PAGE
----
According to Noah Webster, “perfectionism” is “a personal standard, attitude, or philosophy that demands perfection and rejects anything less.”
While not inaccurate, the dictionary definition does not convey the full depth of the word, its connotations both positive and negative.
In this two-part series, we will look at the different types of perfectionism, how they manifest, signs and symptoms of perfectionism, and how to cope with the consequences that can stem from negative perfectionism.
Is Perfectionism Good or Bad?
Perfectionism is considered by some to be an asset, a healthy motivational tool that helps people achieve success at the highest levels be it in the boardroom, on a Broadway stage, or on an Olympic track.
Conversely, it is deemed by others—including an increasing number of doctors, therapists, psychologists, and others in related fields—to be not only an impediment to success but a precursor to issues that can have wide-reaching effects on an individual.
More and more evidence is being documented that suggests a strong link between perfectionism and negative attitudes and behaviors. For example, after more than twenty years of research, practicing psychologist and University of British Columbia professor Paul Hewiit, PhD, and his colleague, professor of psychology at York University in Toronto Gordon Flett, PhD, have found that “perfectionism correlates with depression, anxiety, eating disorders, and other mental health problems.”
They further argue that while there are different types of perfectionism, no form is without problems.
The Types of Perfectionism
Many researchers, like psychologist Kenneth Rice, PhD, who has written studies for the Journal of Cognitive Psychotherapy, believe there are two kinds of perfectionism: adaptive and maladaptive.
Adaptive perfectionism is considered to be “normal” and healthy, a trait where one gets satisfaction from achievements attained through hard work while allowing for the inevitable imperfections that accompany any activity. Adaptive perfectionism can also be viewed as positive perfectionism, in which the person is achievement oriented.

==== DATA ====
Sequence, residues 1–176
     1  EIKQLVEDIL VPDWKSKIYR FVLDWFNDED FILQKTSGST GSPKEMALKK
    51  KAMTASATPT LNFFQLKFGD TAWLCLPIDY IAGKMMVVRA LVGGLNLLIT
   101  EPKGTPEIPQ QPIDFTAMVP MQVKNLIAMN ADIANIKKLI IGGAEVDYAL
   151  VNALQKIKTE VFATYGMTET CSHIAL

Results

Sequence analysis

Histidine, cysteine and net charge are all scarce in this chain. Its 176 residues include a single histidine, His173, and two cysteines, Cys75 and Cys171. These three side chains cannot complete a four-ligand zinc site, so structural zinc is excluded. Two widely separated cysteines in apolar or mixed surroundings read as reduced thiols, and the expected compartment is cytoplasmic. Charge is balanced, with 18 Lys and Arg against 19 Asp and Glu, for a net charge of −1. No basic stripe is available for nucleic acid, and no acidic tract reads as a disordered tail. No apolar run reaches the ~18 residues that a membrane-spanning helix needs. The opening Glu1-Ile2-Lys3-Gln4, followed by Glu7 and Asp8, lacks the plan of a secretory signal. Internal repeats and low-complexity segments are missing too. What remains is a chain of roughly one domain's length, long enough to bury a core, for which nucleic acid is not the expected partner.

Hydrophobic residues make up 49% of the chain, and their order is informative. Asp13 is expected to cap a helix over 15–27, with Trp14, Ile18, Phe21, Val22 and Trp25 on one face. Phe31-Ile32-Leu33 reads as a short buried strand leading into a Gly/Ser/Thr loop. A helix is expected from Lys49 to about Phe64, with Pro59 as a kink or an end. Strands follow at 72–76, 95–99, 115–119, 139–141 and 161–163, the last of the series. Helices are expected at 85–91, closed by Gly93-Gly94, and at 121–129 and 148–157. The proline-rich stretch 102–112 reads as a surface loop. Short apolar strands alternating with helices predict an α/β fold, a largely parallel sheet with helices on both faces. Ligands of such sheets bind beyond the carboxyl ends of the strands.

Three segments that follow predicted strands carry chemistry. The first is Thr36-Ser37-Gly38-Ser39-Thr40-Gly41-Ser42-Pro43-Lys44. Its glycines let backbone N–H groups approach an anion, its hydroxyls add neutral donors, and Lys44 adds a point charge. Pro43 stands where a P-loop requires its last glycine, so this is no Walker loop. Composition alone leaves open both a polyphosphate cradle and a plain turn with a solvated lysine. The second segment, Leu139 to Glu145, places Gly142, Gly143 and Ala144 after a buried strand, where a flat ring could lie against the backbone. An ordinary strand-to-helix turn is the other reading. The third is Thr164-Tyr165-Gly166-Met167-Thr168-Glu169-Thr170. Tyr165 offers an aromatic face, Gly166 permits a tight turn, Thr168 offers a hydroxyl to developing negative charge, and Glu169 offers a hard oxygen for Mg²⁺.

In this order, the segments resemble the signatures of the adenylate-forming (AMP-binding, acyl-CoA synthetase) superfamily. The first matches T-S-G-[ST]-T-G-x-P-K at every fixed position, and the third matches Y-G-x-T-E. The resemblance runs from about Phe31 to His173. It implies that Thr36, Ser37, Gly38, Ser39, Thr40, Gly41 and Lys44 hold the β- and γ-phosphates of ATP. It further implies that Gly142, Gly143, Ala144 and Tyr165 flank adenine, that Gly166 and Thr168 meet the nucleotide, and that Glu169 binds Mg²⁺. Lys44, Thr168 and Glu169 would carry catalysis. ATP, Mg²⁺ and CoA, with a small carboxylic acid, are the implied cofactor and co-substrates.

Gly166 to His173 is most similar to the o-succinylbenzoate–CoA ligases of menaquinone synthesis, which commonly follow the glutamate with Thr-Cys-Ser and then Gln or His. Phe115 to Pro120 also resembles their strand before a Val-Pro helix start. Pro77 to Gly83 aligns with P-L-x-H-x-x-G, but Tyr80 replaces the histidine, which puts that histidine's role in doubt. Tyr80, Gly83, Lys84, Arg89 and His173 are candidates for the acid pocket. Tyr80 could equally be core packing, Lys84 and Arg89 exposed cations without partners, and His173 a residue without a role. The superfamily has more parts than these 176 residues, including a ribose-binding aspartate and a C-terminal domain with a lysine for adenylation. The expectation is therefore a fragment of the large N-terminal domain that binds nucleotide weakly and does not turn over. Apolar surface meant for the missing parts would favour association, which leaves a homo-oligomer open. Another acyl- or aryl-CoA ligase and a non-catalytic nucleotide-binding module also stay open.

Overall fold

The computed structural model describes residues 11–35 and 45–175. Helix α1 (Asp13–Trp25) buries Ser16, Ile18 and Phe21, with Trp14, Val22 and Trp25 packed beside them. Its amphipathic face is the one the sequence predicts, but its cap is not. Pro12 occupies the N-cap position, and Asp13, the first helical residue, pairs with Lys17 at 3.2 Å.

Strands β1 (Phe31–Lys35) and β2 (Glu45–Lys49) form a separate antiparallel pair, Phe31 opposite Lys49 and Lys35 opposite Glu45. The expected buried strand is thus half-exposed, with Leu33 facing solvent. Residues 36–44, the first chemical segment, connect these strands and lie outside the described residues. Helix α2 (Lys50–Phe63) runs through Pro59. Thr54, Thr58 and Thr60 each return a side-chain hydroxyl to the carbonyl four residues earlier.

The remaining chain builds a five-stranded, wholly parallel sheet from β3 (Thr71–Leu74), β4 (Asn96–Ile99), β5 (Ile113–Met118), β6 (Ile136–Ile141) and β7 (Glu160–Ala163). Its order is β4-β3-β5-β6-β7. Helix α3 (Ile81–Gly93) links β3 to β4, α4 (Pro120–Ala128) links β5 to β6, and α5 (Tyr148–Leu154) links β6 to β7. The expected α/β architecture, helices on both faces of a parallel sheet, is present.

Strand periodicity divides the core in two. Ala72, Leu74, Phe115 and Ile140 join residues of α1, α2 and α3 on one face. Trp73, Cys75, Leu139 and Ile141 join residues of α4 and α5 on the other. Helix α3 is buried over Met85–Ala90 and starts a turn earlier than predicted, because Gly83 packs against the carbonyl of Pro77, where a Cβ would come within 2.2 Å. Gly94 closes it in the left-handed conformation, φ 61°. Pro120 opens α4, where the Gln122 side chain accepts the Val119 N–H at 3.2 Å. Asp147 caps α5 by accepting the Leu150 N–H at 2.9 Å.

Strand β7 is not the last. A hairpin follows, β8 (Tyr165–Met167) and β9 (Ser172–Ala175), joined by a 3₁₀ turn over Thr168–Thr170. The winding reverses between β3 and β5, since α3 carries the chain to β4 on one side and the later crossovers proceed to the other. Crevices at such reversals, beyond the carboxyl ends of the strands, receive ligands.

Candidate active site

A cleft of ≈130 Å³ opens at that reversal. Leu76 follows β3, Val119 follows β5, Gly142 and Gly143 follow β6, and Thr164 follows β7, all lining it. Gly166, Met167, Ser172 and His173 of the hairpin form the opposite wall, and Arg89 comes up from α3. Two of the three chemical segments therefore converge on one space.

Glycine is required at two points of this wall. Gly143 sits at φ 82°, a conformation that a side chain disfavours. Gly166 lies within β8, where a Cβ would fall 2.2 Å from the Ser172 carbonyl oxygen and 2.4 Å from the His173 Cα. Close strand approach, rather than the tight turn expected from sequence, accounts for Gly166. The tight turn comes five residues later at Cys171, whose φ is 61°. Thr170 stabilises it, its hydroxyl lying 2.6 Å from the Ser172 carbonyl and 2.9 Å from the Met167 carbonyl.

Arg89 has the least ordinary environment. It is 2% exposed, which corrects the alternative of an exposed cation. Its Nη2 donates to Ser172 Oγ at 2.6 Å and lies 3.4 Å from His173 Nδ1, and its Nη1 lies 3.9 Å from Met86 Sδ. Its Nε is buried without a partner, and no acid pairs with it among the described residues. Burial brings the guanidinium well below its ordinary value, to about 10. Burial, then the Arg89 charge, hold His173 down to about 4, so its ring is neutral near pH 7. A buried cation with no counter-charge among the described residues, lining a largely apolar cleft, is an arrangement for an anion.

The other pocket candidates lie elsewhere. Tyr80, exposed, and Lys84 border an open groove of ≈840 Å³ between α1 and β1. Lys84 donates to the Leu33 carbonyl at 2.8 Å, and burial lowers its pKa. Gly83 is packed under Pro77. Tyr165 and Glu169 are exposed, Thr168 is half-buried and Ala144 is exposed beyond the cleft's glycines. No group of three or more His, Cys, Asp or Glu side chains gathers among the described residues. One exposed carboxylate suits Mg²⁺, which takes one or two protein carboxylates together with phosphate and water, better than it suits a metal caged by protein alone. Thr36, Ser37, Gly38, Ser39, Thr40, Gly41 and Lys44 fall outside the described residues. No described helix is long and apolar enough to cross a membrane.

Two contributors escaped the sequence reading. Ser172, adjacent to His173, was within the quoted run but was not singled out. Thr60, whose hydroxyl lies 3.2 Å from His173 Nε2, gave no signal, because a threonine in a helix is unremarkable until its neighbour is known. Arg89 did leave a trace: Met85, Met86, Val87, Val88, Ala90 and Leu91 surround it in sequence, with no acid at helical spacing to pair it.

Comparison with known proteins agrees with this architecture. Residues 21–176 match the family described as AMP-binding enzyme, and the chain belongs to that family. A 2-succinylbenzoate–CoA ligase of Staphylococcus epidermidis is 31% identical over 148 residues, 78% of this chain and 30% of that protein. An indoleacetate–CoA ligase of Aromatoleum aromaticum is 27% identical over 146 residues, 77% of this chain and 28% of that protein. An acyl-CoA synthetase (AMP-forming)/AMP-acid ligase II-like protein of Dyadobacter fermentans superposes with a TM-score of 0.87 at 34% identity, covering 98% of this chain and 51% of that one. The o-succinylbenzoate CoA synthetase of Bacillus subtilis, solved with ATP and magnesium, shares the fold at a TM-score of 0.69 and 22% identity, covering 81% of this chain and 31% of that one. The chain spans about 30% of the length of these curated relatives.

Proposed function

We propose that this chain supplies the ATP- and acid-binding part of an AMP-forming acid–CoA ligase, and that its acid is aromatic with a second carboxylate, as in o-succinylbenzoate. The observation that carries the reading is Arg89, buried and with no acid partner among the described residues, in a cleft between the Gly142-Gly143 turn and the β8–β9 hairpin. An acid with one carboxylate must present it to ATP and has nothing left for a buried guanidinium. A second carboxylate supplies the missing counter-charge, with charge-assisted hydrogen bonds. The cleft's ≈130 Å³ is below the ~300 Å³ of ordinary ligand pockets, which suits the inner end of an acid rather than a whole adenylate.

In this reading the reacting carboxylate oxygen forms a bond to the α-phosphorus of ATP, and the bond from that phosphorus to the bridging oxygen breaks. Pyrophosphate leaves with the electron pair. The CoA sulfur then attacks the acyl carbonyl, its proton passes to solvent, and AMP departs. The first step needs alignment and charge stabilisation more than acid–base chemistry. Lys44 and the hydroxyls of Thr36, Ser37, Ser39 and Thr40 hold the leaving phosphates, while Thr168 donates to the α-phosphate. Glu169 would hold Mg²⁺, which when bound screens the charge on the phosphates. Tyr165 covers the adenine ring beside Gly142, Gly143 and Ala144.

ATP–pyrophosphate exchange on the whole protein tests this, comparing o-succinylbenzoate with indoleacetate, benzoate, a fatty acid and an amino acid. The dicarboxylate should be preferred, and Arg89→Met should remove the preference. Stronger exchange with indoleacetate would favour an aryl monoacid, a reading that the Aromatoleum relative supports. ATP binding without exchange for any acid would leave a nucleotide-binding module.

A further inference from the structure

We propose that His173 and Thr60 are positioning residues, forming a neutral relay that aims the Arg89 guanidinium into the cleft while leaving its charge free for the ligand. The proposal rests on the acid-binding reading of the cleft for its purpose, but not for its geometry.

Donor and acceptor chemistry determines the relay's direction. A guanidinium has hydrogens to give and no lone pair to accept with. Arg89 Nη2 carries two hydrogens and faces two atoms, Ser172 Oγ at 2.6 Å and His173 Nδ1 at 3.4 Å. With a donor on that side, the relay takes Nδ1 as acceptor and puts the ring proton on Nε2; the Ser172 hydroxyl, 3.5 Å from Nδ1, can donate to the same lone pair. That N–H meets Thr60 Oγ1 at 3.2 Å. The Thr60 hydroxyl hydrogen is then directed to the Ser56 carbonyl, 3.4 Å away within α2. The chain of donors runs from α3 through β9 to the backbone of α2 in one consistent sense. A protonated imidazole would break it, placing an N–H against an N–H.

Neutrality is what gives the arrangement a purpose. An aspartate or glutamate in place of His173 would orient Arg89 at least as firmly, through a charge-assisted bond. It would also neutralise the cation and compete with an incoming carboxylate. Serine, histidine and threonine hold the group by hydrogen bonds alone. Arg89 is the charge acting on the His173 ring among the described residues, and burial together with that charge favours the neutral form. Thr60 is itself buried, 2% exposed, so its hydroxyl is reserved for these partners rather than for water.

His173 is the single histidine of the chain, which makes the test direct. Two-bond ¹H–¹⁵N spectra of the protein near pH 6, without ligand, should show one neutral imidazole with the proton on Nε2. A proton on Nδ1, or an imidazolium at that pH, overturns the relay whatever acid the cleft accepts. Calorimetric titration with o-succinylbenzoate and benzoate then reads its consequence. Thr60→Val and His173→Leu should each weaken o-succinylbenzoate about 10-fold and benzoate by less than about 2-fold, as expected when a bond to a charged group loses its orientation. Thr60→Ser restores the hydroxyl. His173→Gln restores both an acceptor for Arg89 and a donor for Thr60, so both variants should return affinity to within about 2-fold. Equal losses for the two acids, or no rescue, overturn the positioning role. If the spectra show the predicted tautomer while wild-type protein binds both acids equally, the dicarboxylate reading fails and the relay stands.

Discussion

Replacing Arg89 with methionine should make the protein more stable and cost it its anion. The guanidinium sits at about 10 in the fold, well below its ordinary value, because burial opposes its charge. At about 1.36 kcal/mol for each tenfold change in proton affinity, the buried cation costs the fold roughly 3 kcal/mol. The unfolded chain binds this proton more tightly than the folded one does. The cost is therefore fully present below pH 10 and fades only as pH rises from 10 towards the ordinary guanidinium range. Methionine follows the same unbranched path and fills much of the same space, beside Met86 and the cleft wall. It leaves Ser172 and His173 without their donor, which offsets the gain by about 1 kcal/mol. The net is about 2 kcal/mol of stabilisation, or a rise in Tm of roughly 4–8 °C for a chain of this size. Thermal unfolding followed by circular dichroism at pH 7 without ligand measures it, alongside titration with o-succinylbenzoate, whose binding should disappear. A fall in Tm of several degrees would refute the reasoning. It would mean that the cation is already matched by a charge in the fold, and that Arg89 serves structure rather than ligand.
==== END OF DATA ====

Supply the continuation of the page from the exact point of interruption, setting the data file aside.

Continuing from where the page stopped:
Maladaptive perfectionism is considered to be unhealthy, and is seen in someone who has high personal performance standards and the tendency to be highly self-critical. Furthermore, when something does not go according to plan, a maladaptive perfectionist is likely to develop negative thoughts and feelings. It can also be viewed as negative perfectionism, in which the person is driven by the fear of failure.
Hewitt and Flett believe that while “winning”—be it in sporting, academic, or business endeavors—is important to adaptive and maladaptive perfectionists, failing to do so is considerably more stressful for the latter than it is for the former.
Research shows that such stress can result in consequences such as low self-esteem, Anxiety, and Depression—sometimes so severe that the final result is suicide.
How Perfectionism Manifests Itself
Some perfectionists feel the need to be error-free because of perceived social pressures. They think others will value them only if they are perfect. If they fail to perform to that standard, they can become depressed and suicidal more easily than, say, people who are “other-oriented” perfectionists.
Other-oriented people are not without their struggles, though. What most often presents in them is the tendency to require perfection from their family members, friends, and colleagues. Intimate relationships in particular often suffer when at least one of the partners has this type of perfectionism.
Self-oriented perfectionists, for reasons that are still not entirely clear, are internally motivated to be perfect. People in this group can be fine in low-stress situations but can readily become anxious when serious issues arise. They often have mental health problems, particularly eating disorders and chronic stress.
The Problems with Perfectionism
For many perfectionists, life is a constant evaluation of their own accomplishments, looks, status, etc. It is often a surefire route to low self-worth and unhappiness. Perfectionists tend to have inner voices that call them lazy, useless, or not good enough when they fail to fulfill their standards, whether those standards are self-imposed or imposed by others.
Perfectionists can lead lives in which they’re regularly afraid of private shame or public humiliation for not meeting their own or other’s unrealistic expectations. Often, this can result in high Stress, Anxiety, Depression, and Anorexia in many female self-oriented perfectionists, and even suicide.
The first steps to correcting a problem are accepting and understanding the problem. With the knowledge of what perfectionism is and how it can manifest in different ways, the next post will provide guidance for how to cope with perfectionist tendencies so that they do not lead to adverse mental and physical health issues.